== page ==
UNSW scientists set out to prove that mining on the moon in commercially viable

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Image credit: newsroom.unsw.edu.au

A team of UNSW engineers is putting up a case for the commercial viability of mining water from the moon in an effort to attract global mining companies to invest in future space mining ventures.

The group unveiled an ambitious plan at the SIAA Space Industry Forum to prove that extracting lunar water from the moon to produce rocket fuel could significantly cut down on the cost of carrying out space missions, making it viable for mining companies to ‘put some dollars towards making it a reality’.

Professor Andrew Dempster, Director of the Australian Centre for Space Engineering Research at UNSW said their principal goal was to reduce the perceived risk to potential investors, including large mining companies, in a space mining venture by showing that it is possible to create the machinery, mining methods, energy resources and communications required to do it.

He said that his team was likely five to 10 years away from piloting a water mining “proof of concept” operation on the moon.

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“Once we prove that the technology exists and major risks can be mitigated, I expect that mining companies will see the commercial potential for this sort of venture and put some dollars towards making it a reality,” the Professor said, adding that Australia is uniquely placed ‘to carve itself a niche in the global space industry’ by exploiting its position of strength in mining expertise.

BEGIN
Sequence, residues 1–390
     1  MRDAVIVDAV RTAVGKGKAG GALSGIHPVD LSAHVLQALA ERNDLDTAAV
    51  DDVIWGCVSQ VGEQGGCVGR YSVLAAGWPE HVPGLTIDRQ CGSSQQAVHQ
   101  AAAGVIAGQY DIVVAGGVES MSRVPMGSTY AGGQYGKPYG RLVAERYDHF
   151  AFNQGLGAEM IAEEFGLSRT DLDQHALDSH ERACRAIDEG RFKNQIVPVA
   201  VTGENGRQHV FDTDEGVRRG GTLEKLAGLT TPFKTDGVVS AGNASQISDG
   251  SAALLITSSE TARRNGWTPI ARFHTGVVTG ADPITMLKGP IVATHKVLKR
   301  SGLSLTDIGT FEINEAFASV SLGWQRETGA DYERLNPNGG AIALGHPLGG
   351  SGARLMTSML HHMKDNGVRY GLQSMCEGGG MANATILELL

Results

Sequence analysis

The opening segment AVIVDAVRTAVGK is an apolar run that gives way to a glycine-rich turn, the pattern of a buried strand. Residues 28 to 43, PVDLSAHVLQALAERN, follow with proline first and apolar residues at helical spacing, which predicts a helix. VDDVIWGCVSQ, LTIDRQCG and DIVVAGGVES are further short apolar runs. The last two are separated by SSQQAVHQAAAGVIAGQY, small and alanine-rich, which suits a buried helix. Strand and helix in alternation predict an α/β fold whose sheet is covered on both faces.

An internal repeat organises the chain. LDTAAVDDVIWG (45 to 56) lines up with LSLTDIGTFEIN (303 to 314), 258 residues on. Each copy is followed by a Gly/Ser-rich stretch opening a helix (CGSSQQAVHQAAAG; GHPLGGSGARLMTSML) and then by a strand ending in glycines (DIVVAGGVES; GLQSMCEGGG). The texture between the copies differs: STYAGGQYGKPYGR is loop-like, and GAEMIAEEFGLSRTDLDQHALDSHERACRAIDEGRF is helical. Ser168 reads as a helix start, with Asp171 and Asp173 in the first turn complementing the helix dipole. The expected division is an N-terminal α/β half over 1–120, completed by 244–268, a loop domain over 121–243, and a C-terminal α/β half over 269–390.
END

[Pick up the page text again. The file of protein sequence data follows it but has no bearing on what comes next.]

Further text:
“Australia has a natural advantage for off-Earth mining – we have some of the very best mining research, technology and automation tools in the world, and the largest mining companies,” Mr Dempster continued.

“While overseas teams have been looking at solving some of the problems behind space mining, our project wants to examine how we could actually get this done, firstly from a practical engineering point of view, but also closing a viable business case.”

UNSW Dean of Engineering Mark Hoffman added:

“Australia needs to invest in disruptive, innovative technologies to tackle some of our planet’s big challenges and to create new and exciting opportunities for economic growth.

“Projects such as this one will help deepen Australia’s expertise in off-Earth mining and facilitate the growth of the space industry in Australia.”

Image credit: newsroom.unsw.edu.au